Fortunately, the attention for environmental accounting and ecosystem accounting is growing. We need more systems for inclusive measurement, monitoring and evaluation.
There are many initiatives:
- On environmental and ecosystem accounting, such as the System of Environmental Economic Accounting (SEEA) (here), The Economics of Ecosystems and Biodiversity (TEEB) (here) and Earth Observation for Ecosystems Accounting (EO4EA) (here),
- On footprint calculations, such as on water: https://waterfootprint.org/,
- On making supply chains transparent (see here) and excellent education material, such as CBD’s “Ecosystem natural capital accounts – A quick start package” (here).
But they are not used as the basis for decision-making. Just to give an example: in the Netherlands, there is a great exercise on ecosystem accounting in the province of Limburg, (here), but, as far as I know, this and the more general system of national environmental accounts are not the guiding principles for decision making.
When it comes to decision making “traditional” economic arguments prevail. This leads to problems when policy measures for climate change get into conflict with cost-benefit calculations according to the narrow definition. Especially when this has been going on for decades, the consequences are severe. Look for example at the protests of Dutch farmers, who feel they are unfairly treated by the government with measures aimed at reducing the nitrogen surplus.
Of course, one could start a discussion about the metrics used in environmental accounting or ecosystem accounting and their validity. But the same applies to economic calculations, see for example Dan Brockington’s blog on farmers’ assets in Tanzania (here).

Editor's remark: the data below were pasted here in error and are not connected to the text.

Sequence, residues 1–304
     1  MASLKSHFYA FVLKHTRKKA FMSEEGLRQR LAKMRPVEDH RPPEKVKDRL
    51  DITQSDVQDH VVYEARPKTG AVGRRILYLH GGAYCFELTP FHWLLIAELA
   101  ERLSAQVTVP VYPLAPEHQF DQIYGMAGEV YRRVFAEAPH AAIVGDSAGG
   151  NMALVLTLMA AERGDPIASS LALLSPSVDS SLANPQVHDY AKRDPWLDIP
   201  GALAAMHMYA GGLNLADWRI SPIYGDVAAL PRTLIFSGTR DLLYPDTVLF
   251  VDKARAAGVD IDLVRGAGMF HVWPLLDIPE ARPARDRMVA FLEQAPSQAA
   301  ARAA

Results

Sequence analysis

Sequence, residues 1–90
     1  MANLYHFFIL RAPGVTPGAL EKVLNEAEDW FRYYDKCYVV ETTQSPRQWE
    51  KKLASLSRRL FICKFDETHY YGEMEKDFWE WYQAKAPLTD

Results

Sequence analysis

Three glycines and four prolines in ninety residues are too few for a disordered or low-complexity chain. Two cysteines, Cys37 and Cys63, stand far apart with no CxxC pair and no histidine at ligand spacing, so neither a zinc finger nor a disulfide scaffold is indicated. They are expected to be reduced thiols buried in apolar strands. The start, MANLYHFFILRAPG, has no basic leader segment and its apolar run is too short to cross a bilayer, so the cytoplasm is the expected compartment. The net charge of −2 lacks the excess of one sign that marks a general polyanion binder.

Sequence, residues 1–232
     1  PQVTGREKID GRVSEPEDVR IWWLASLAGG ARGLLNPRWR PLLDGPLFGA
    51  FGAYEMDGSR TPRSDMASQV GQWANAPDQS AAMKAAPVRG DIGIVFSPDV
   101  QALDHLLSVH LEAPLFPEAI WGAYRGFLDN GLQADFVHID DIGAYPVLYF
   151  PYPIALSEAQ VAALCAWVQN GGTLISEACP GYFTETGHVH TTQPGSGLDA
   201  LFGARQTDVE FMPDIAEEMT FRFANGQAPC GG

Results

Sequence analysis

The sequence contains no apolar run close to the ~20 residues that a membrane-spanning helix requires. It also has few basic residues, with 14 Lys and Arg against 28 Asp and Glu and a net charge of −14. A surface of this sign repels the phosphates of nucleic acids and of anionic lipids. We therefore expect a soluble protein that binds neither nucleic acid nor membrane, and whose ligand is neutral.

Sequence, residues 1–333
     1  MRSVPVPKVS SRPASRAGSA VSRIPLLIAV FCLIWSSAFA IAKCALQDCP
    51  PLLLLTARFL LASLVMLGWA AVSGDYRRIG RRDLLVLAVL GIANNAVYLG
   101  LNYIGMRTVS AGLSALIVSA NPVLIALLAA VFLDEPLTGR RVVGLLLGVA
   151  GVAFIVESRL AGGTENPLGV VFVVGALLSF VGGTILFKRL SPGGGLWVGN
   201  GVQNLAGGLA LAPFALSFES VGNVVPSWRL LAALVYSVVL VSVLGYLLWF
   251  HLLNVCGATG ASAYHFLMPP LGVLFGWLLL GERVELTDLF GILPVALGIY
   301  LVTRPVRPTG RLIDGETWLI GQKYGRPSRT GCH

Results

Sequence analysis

Why is it so difficult to integrate the two types of accounts? Perhaps because:
- Environmental accounting and ecosystem accounting are seen as instrument of environmental lobby groups;
- They are perceived as complicated (material for specialists), with new and unfamiliar concepts;
- Associated to previous points: there are many assumptions and uncertainties that can be questioned;
- The outcomes can be painful and require fundamental policy changes, (look for example at water use in Mauritius and the interests of the agricultural and tourist sector);
- Related to the previous point: they deal with long-term benefits versus short-term economic gain;
- The main actor involved is the government, a notorious slow changer (and changes of mindset take a long time for anyone).
My own experience in agriculture is that environmental accounting and ecosystem accounting rank very low on priority lists of what should be addressed: increasing production and productivity and reducing (disaster) risk come first. However, this does not mean that people do not care about sustainability, climate, or environmental issues. It simply means that incentives should be changed and, as part of that process, the concept of environmental and ecosystem accounting should be promoted more.
Certification is certainly a step in the good direction. And integration with data gathering and data analysis can help (look at reports like “Counting on the world to act”: here) Two H2020 projects, sponsored by the European Commission and dedicated to the improvement of data provision and analysis for food security, water and climate change in Africa, TWIGA ( visit here) and AfriCultuReS (visit here) can make a small but important contribution to get environmental and ecosystem accounting from the trunk of the car to the dashboard!
Written by: Mark Noort